Incidentally a podcast – for those who only read and never listen – is like a drunken pub conversation that veers wildly off into tangents and breaks out into spontaneous humour. It isn’t like a polished and concise radio show but this lends it much more authenticity. You tend to believe what people are saying when it hasn’t been scripted. These are personal feelings and judgements. When you have a number of contributors you get some great discussions and debates making for a richer point of view. And it is great company while ironing, washing-up or walking to the supermarket.

So check out their podcast. You can listen to it on the site or download it and put it on your mediaplayer. Start with their review of 2011 then check out the others. These are the only people I have ever seen who give you a running order of their recordings so you can jump right in or back to items that interest you. This earns them the coveted 365 Thumbs Up!

Thirteen – Mike Carey

This is a reprint of a story serialised in 2000AD and it’s a cracking read. With a British writer and artist everything feels authentic and the jokes and cultural references are genuinely relevant. It’s not heady sci-fi and there is no deep message but this is a great cinematic romp.

It was fun to read, excellently illustrated and has a protagonist you can root for – you just wouldn’t lent him any money. It made me smile and so I definitely give it a Thumbs Up!

28/337.

Tomorrow: London’s Dark – James Robinson & Paul Johnson

Rail – Dave Dorman

Every so often something arrives that just defies description. Like trying to put a cat in a box it just won’t be neatly pigeonholed. It’s kind of an Arthurian grail quest set in steam/ cyberpunk post apocalypse future wild west. With me so far?

It’s a delicate balance between Mad Max, Firefly, and Wild Wild West – but with some Fraggle Rock thrown in there too. It is only 46 pages so you barely get time to grasp the mishmash of genres before it hits the buffers. Sadly it doesn’t look like there will be any more but there are some novels set in this universe and there is enough to intrigue you about this brave new world to want to learn more.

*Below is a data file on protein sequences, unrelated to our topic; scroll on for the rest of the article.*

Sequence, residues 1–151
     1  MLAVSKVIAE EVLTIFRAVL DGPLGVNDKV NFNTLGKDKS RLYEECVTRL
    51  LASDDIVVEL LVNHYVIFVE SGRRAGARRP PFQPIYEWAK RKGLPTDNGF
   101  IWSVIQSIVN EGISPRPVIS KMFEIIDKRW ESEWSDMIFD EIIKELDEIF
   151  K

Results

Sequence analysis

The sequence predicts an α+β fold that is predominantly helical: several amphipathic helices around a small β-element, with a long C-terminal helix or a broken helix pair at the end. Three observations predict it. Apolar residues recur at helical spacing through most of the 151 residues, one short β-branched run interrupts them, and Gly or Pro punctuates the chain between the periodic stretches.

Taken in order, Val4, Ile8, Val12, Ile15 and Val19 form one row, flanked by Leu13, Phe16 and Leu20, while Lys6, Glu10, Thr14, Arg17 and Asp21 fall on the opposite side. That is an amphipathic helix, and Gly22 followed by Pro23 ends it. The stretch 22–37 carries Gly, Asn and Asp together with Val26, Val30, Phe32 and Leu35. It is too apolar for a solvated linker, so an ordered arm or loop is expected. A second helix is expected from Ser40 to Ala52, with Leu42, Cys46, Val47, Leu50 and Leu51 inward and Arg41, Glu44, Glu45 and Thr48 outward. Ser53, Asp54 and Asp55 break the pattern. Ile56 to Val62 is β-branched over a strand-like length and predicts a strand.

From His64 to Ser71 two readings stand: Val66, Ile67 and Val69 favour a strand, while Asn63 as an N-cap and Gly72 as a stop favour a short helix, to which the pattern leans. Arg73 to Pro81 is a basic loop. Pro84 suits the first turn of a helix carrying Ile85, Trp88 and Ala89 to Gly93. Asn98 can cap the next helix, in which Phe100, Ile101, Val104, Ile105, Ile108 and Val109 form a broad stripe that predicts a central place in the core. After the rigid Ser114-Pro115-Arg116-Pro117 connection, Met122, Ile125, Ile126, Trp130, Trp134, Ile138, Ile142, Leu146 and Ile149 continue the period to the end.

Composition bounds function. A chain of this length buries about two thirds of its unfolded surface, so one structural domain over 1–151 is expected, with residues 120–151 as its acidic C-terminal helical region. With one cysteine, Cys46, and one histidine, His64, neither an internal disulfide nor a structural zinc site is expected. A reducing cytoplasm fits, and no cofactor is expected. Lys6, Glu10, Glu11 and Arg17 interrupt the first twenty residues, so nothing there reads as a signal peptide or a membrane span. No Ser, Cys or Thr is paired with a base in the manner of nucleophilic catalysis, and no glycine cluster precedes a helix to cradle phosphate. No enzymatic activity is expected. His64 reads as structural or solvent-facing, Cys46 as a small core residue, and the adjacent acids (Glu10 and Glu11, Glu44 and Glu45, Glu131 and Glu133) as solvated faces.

I was genuinely surprised by the setting and so I will give it a Thumbs Up!

27/338.

Tomorrow: Thirteen – Mike Carey

Innocents – David Wohl

This starts off as a competent if slow moving tale following a successful woman with a taste for extreme sports. You think it’s going down the normal people wake up with superpowers/ great destiny route and then with a subtle twist it ends up somewhere different.

It has a classic Empire Strikes Back ending leaving you feeling you have only had the starter and are being cheated out of your main course. As far as I can tell there is no volume 2 so you will have to imagine the sequel that never was.

The art is clear and colourful and suited to the genre. There are no groundbreaking techniques and most of the story comes from the telling and not the showing which is a waste of the format. I did find the narration text (“meanwhile…” “elsewhere…” “ten minutes later..” etc.) a bit intrusive. There are some thematic letters, posters and so on between the issues much like League of Extraordinary Gentlemen but they don’t really add anything.

Another one that falls into the “Meh” category sadly. There is nothing wrong with it but it’s just not the next Watchmen. No Thumbs today sadly.

26/339.

Tomorrow: Rail – Dave Dorman

Green Candles – Tom De Haven

This is a series of three digest volumes making up one whole story. This really is exceptionally well crafted. Plot, characters, dialogue and pace are all sublime. It is both a page turner and an effortless read making it over all too quickly sadly. There are a couple of stories and they are interweaved in such a way it does not seem contrived.

The art is very clean black and white line drawings and suits the murky subject matter very well. There are some flashbacks and the art changes helping you see what is happening in the present day and what is a memory.

Some of the plot is given away by the blurb on the back of the books and the cover illustrations which I found disappointing. Other than that it’s very rewarding to put all the pieces together. The central character is well developed and believable and it’s fun to root for him. Thumbs up!

25/340.

Tomorrow: Innocents – David Wohl